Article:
As the cases of the omicron variant continue to rise (and potential new COVID variants continue to emerge), the playbook for staying safe seems like it should be relatively straightforward: get a booster shot, isolate if you test positive, and take get a COVID test if you’ve been exposed.
That last one is getting a little confusing, however. Between the news of an at-home COVID test shortage and the release of controversial CDC quarantine guidelines (which don’t call for people infected with COVID to test negative before ending self-quarantine), determining how to get a test and when to take it is getting more complicated. Now, there seems to be some confusion around how to take an at-home COVID test.
Last week, new research emerged suggesting that COVID tests might not be great at detecting omicron infections. The small study of 29 people who work in high exposure-risk settings, found that participants were potentially infectious for days before a rapid antigen test (like the Abbott BinaxNOW and Quidel QuickVue brands) came back positive for omicron. In fact, it took an average of three days after participants in the study had gotten a positive saliva-based PCR test for the infection to show up on a rapid test, as SELF reported, which takes a sample from the nose. The theory is that omicron might infect the throat and saliva first, before moving to the nose—meaning you could be unknowingly spreading the virus in the interim if you’d only tested with a nasal swab.
Naturally, some people have taken this information and started tweaking their at-home tests, taking the swab intended to retrieve a sample from the nose and using it to swab their throat instead. The modification even sparked a movement on social media with the hashtag #SwabYourThroat, according to CNN.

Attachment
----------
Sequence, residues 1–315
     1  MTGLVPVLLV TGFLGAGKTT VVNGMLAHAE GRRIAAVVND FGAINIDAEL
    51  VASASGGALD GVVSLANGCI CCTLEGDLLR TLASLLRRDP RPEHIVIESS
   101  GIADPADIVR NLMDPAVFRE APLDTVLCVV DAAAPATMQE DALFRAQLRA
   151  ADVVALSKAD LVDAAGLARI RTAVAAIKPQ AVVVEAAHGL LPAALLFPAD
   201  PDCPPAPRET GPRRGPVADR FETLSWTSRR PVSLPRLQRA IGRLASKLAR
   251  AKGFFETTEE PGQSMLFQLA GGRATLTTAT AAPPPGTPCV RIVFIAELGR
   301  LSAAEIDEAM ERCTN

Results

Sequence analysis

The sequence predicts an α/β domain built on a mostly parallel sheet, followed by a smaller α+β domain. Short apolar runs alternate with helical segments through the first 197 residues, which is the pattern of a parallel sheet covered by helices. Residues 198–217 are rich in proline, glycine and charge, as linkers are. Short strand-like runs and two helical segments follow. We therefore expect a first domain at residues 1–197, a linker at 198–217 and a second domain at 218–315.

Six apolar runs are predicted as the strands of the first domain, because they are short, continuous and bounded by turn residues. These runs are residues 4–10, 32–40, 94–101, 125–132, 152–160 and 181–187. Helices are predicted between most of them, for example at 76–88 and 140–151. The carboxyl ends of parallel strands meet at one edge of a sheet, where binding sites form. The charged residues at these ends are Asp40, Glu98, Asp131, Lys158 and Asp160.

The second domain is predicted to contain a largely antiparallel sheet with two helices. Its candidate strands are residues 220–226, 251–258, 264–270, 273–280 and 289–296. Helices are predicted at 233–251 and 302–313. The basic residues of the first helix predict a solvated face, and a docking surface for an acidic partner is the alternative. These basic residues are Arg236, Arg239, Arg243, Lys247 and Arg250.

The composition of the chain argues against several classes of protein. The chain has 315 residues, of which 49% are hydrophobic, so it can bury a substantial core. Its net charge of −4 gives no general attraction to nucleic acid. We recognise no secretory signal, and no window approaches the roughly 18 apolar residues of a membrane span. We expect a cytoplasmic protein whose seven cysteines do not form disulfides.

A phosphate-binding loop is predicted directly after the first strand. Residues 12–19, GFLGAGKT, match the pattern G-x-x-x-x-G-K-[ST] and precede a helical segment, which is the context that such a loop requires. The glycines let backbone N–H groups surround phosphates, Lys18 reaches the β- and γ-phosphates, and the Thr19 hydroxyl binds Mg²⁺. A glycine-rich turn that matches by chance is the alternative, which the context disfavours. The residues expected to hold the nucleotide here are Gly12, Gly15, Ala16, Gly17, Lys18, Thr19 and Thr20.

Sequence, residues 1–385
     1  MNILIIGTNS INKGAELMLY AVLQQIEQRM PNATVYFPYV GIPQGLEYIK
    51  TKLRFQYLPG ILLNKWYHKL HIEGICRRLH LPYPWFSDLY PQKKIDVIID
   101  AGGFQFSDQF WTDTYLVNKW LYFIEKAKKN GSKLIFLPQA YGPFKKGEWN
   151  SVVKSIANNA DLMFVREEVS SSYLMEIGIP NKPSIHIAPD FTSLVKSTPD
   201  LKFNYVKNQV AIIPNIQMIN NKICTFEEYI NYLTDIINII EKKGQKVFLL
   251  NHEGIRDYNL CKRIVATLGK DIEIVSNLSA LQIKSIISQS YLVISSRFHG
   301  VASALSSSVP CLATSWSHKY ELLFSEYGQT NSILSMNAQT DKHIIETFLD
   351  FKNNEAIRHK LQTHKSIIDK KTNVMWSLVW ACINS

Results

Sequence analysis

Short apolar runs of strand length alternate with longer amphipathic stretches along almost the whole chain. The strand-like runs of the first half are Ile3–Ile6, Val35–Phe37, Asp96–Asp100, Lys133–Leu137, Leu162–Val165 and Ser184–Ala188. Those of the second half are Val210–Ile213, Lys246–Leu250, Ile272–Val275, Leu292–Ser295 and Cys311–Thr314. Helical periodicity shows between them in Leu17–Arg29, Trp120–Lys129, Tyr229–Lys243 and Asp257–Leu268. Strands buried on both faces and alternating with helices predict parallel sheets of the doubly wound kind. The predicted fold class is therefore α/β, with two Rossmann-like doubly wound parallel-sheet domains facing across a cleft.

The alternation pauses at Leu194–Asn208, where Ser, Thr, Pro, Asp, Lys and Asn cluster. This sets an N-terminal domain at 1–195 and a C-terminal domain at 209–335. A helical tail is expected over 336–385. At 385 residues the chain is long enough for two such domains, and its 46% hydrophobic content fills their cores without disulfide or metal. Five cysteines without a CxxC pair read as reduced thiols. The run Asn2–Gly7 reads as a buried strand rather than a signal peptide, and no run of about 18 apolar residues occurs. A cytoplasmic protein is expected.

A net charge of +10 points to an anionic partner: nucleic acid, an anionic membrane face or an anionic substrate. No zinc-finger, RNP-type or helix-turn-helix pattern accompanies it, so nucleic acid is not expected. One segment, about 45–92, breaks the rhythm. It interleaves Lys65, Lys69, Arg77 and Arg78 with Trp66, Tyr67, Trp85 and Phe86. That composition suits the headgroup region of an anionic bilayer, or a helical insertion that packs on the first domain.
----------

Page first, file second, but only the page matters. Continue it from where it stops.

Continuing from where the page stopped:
So, is this bad? In the UK, some rapid tests (also called lateral flow tests) are designed for this, per the National Health Services. Rapid tests available in the U.S., however, are not. The the majority of authorized rapid tests in the U.S. are designed to test a sample taken from a nasal swab (while a small number involve spitting into a test tube), per CNN.
“The test is designed for the specimen collection that they describe in the instructions, so any deviation from that, you’re not going to get the results that are expected,” Emily Volk, M.D., president of the College of American Pathologists, told CNN. “You’ve got to follow the instructions in the test. Otherwise, it’s not valid.”
The Food and Drug Administration and the CDC also condemned off-label throat swabbing. “The FDA has noted safety concerns regarding self-collection of throat swabs, as they are more complicated than nasal swabs,” an FDA spokesperson told CNN. “If used incorrectly, [they] can cause harm to the patient. The CDC recommends that throat swabs be collected by a trained healthcare provider.”
As scientists and test manufacturers collect more data, it’s possible that these recommendations may change and throat swabbing may become a reliable way to use a home test. But for now, stick to the instructions for your home test and prioritize getting a PCR test if you’re worried about false negatives.